This has resulted in a significant increase in Singaporean females that are willing to take up the challenge to fight for their rights in society. However, women are still doubtful about whether they should pursue their rights in Singapore.

In conclusion, is it really realistic to challenge systemic gender inequality in Singapore?

Shouldn’t it be more realistic that we understand each sex’s differences and respect the two genders as uniquely different? I feel that we should consider them as complementary rather than competitive. Both genders should work hand in hand, covering up each other’s flaws and boosting each other’s strengths. This will in turn create an extraordinary team that is able to achieve maximum efficiency and adaptability which is highly valued in our society.

Examples are Minister Mentor Lee Kuan Yew and his wife, Kwa Geok Choo, and US President Barrack Obama and First Lady Michelle Obama. Both couples show that by combining the strengths of both genders in tandem, more desirable results for society can be achieved. This is worth pursuing over gender equality.

As Henry Kissinger once stated, “Nobody will ever win the Battle of the Sexes. There’s just too much fraternising with the enemy.”

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About me:

I’m an 18-year-old male Chinese who loves astronomy, adventurous challenges, running, and most of all, interacting with youths all around the world!  Presently serving my two-year National Service in the Singapore Armed Forces.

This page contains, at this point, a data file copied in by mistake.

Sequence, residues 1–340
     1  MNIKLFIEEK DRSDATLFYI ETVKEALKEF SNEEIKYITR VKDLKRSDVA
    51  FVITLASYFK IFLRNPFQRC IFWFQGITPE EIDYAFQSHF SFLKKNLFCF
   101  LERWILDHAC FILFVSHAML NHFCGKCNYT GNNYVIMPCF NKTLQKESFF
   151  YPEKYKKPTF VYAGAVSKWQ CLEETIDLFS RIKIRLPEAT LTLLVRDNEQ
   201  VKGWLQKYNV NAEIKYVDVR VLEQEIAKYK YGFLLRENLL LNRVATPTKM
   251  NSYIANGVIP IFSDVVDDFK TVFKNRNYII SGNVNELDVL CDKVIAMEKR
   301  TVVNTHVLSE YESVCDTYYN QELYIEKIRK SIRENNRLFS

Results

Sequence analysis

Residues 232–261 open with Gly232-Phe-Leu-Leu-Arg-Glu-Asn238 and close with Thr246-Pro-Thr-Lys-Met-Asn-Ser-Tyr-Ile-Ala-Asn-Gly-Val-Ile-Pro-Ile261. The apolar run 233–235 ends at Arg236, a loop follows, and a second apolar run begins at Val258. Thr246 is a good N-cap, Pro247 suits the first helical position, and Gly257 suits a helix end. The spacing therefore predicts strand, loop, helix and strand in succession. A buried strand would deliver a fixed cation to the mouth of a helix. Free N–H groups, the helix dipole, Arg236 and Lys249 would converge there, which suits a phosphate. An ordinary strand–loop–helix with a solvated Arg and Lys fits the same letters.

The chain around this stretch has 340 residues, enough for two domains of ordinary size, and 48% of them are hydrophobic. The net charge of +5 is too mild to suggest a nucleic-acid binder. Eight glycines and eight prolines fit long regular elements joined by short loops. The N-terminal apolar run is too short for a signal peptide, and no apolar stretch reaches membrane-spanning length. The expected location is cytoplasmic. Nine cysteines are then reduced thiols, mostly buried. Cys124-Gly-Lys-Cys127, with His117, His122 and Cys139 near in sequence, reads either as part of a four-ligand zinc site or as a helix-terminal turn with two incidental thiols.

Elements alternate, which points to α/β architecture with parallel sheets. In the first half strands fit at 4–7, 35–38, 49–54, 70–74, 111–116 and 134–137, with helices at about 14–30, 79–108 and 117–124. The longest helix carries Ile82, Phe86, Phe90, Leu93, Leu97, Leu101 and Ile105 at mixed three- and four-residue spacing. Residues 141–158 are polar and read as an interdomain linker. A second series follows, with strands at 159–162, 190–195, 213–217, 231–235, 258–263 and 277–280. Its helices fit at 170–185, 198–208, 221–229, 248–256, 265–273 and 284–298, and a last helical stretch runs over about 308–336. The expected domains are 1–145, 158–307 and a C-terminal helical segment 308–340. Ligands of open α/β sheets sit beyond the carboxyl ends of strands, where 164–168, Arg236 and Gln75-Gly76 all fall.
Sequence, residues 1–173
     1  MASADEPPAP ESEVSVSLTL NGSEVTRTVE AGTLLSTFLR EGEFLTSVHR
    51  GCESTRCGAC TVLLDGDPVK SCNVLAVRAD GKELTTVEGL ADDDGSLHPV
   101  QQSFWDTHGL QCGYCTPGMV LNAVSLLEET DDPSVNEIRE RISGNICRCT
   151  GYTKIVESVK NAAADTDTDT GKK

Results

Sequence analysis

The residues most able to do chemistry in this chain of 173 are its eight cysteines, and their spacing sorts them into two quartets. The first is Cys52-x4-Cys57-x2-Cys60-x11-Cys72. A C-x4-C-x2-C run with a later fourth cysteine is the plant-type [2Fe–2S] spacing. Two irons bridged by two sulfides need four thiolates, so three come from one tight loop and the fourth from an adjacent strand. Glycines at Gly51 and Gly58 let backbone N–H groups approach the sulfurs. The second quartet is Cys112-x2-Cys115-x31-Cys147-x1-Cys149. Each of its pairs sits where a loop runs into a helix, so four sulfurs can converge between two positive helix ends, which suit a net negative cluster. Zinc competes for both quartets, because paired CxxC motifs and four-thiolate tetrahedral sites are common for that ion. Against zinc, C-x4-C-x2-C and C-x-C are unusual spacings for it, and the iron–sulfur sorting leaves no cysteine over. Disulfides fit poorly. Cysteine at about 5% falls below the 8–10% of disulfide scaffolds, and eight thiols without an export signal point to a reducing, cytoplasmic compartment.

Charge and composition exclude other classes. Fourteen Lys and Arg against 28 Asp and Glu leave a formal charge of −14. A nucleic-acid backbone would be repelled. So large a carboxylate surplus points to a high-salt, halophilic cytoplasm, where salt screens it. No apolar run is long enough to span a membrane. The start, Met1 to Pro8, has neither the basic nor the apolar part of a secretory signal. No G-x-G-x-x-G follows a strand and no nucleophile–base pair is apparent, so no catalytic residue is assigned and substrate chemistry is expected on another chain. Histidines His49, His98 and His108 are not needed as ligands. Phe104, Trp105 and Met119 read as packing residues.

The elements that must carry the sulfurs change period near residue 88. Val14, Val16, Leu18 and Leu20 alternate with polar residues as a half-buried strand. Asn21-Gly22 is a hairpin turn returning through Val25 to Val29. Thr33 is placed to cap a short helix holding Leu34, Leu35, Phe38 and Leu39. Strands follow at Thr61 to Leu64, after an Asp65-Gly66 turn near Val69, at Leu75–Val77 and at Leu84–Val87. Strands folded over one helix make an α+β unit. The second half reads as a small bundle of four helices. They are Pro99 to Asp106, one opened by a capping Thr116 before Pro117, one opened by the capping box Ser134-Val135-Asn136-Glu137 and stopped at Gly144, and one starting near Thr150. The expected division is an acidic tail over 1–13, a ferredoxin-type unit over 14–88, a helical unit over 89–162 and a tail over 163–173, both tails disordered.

I have always held the belief that arguments and debates, while meant to drive out flaws in our opinions, should serve to bind us together and not separate us. For united we stand, divided we fall.

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Opinions expressed in this article are those of the author and do not necessarily represent the views of the Commonwealth Youth Programme. Articles are published in a spirit of dialogue, respect and understanding. If you disagree, why not submit a response?

To learn more about becoming a Commonwealth Correspondent please visit: http://www.yourcommonwealth.org/submit-articles/commonwealthcorrespondents/